"אני לא אוכל חזיר."

Translation:I do not eat pork.

July 17, 2016

39 Comments
This discussion is locked.


https://www.duolingo.com/profile/AzatArtsakh98

sweats as the rabbi stares suspiciously


https://www.duolingo.com/profile/Yirmeyahu84

Hahaha.... This made me laugh.


https://www.duolingo.com/profile/MAVENfunBUPKIS

Because it is not kosher.


https://www.duolingo.com/profile/RobertColumbia

I really appreciate the authors including this sentence. Even if one does not keep kosher oneself, it is still an important concept to be able to talk about in terms of situations that one might encounter speaking Hebrew.


https://www.duolingo.com/profile/dartme1

I have been waiting for this sentence all my life.


https://www.duolingo.com/profile/ThapanDubayehudi

Proud Yehudi here


https://www.duolingo.com/profile/ShiraBenZaken

:) לא אוכלת חיה מגעילה!!


https://www.duolingo.com/profile/tiagosarmento

Atah yehudi chaver!!!


https://www.duolingo.com/profile/Hamutaltul

singular masc you - אתה (a-tah), singular masc friend - חבר (cha-ver) plural jews - יהודים (ye-hu-dim). singular masc jew - יהודי (ye-hu-di)


https://www.duolingo.com/profile/tiagosarmento

thank you " YEHUDI " that's right : )


https://www.duolingo.com/profile/awret

Sorry, why not - "I am not eating a pig." Why is this wrong?


https://www.duolingo.com/profile/synp
  • 1213

It's totally right, especially considering that "I do not eat pig" (with no article) is accepted.

But if someone actually said that Hebrew sentence, that is not what they would mean.


https://www.duolingo.com/profile/Yirmeyahu84

Rolol ..... Technically you are absolutely correct.


https://www.duolingo.com/profile/Coreyflowers

I feel cheated. I wrote "I do not eat swine" and it said wrong, but "I do not eat pig" is fine. Oy vavoy...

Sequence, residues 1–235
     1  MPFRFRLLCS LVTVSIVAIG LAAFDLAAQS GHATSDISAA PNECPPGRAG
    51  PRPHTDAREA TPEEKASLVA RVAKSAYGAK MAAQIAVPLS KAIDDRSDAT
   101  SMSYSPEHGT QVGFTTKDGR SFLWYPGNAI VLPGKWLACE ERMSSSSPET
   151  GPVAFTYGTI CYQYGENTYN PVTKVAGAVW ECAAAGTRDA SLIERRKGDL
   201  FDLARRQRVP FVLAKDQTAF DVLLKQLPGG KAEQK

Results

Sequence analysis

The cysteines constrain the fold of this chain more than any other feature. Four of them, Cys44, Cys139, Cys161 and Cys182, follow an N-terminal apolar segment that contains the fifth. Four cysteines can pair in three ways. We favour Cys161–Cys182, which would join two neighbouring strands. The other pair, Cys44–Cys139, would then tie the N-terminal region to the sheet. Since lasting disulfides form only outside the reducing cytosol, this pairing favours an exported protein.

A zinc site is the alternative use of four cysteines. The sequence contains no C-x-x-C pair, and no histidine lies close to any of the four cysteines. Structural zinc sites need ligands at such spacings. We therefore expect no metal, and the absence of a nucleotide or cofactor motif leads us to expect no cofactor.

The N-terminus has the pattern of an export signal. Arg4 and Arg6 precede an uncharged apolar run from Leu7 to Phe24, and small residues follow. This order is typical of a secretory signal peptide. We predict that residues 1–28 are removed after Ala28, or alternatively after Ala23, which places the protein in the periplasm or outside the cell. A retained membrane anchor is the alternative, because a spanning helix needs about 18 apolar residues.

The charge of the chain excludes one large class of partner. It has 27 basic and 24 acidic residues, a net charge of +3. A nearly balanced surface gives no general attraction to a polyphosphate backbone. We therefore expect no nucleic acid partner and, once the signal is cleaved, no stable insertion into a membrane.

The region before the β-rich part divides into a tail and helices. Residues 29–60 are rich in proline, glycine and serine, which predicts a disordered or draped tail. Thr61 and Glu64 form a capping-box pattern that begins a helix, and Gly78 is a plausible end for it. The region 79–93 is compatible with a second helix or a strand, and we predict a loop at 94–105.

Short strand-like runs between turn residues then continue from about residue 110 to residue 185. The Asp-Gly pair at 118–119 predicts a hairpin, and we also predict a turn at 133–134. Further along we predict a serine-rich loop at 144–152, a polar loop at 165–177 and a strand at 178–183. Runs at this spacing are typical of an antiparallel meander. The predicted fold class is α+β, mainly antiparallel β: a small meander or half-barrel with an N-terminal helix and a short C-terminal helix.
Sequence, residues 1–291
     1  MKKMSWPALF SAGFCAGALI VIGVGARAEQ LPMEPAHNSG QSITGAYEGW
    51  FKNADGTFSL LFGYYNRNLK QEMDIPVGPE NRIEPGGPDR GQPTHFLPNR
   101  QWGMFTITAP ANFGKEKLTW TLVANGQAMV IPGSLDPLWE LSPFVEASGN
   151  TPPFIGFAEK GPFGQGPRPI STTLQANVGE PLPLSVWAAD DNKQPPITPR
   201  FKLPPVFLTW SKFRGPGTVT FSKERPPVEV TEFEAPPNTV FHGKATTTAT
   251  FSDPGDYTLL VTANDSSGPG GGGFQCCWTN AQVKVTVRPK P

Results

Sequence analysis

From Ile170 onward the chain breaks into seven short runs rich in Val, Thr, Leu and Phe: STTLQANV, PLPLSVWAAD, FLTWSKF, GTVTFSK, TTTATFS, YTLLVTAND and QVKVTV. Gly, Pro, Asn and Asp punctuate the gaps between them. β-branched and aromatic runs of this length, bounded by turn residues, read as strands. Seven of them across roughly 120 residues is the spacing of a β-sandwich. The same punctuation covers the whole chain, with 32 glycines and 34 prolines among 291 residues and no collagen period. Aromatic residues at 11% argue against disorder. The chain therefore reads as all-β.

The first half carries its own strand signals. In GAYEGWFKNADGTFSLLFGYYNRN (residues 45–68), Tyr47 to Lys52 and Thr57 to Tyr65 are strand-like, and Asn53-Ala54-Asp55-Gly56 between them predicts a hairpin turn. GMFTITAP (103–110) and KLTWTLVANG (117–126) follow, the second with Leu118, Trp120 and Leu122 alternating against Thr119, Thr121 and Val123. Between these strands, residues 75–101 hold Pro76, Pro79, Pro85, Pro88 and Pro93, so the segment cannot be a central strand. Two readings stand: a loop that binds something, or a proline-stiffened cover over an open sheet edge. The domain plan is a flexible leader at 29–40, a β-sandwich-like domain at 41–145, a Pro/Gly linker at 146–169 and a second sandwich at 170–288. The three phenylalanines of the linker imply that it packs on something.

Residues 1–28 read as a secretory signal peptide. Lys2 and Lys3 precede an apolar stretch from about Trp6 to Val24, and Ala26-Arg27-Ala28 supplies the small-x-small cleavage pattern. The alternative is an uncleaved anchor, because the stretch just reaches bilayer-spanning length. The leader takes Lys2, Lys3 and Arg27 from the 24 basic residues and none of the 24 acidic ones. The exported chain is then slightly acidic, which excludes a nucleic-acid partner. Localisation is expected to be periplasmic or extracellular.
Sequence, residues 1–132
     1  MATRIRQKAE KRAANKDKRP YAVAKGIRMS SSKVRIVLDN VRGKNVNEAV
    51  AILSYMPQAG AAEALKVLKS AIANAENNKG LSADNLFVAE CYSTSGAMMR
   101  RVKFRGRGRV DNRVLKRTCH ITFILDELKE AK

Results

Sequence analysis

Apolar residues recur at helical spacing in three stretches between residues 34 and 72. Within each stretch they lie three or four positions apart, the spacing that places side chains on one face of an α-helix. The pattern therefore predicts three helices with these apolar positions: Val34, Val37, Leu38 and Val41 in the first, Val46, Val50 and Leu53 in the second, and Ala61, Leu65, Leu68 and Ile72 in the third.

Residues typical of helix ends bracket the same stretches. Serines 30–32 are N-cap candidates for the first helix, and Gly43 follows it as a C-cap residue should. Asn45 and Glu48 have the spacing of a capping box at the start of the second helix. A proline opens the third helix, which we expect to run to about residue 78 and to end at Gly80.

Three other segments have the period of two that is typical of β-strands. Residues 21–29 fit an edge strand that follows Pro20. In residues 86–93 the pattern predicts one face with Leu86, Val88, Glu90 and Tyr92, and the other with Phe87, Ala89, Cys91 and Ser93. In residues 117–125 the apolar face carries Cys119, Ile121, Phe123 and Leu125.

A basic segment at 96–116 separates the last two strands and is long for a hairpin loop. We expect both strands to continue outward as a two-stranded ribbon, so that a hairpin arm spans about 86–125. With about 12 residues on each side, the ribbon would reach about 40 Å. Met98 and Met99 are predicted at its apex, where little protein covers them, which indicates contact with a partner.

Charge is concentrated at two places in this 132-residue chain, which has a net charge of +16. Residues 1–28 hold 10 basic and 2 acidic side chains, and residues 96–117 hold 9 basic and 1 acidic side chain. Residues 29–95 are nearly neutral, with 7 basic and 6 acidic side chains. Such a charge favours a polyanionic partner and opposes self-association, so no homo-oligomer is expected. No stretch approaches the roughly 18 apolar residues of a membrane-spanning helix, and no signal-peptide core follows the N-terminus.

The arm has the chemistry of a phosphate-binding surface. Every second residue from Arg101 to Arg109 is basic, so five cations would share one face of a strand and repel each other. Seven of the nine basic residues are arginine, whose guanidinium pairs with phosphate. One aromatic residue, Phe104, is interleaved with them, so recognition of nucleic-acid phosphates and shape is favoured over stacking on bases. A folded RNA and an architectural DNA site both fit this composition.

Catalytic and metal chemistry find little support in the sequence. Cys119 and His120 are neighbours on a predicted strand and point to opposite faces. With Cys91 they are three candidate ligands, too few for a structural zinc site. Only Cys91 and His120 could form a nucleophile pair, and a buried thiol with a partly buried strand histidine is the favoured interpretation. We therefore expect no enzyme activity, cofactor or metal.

https://www.duolingo.com/profile/Ula232344

So there's only one word for both pig and pork?


https://www.duolingo.com/profile/Keltor2

It's kinda like the English word "chicken." It can mean the animal or the meat.


https://www.duolingo.com/profile/Hamutaltul

yes. if one wants to be very specific about the fact that it is pork and not pig he\she could say בשר חזיר ("pig meat") or בשר לבן ("white meat")


https://www.duolingo.com/profile/RobertColumbia

It's like that in a lot of languages. In Spanish (ספרדית), "No como puerco" can mean "I don't eat pork", "I don't eat pig", "I am not eating pork", and "I am not eating a pig". If you walked into a restaurant in Buenos Aires and told the waiter "No como puerco porque soy judio", they would understand that you mean "I don't eat pork because I am Jewish".


https://www.duolingo.com/profile/danny912421

aní lo ochél chazír.


https://www.duolingo.com/profile/Yahalomah

גם לי לא אוכל חזיר! :)


https://www.duolingo.com/profile/RLevkoy

I grew up around people who spoke some Yiddish, and am familiar with the expression, "That is a bunch of chozzerai". It refers to something that is of low quality. Never knew it came from the Hebrew word for "pig". I guess for someone keeping kosher, it refers to something that is forbidden to eat.


https://www.duolingo.com/profile/Becca_RNR

אני לא אוכלת חזיר כי החזיר הוא חיה לא כשר


https://www.duolingo.com/profile/EranBarLev

לא כשרה. You need the feminine here, because it refers to חיה which is feminine. :)


https://www.duolingo.com/profile/sixaxis

Good, more for me :)


https://www.duolingo.com/profile/Skaseforever

Boom goes the firecracker, which is the knowledge that Jews don't eat pork.


https://www.duolingo.com/profile/JanvierUK

What's wrong with "I do not eat a pig"?


https://www.duolingo.com/profile/EranBarLev

I think this would mean the whole animal. When someone says in Hebrew: "אני לא אוכל חזיר", they don't mean the whole pig. Nobody can eat a whole pig anyway, so this wouldn't be a very interesting thing to say.


https://www.duolingo.com/profile/SueLaine338675

I noticed that the word for pig and pork are the same. When I checked in my dictionary, I found that there are two different words for cow and beef. Why the difference?


https://www.duolingo.com/profile/danny912421

You could ask the same question about English - why "pig" and "pork" but it's just "chicken" - no difference between the name of the animal and the meat.


https://www.duolingo.com/profile/JanvierUK

The reason for this is from the Norman invasion of Anglo-Saxon England. It was the wealthier Normans who ate meat, not the Anglo-Saxon peasantry. So the words for the animals were the English words - pig, cow etc - however the words for the foods come from the French - pork, beef etc.


https://www.duolingo.com/profile/danny912421

My point was actually about chicken having just one word for both the animal and meat, since Sue asked why there is just one word in Hebrew for both pork and pig. I pointed out that this also exists in English.

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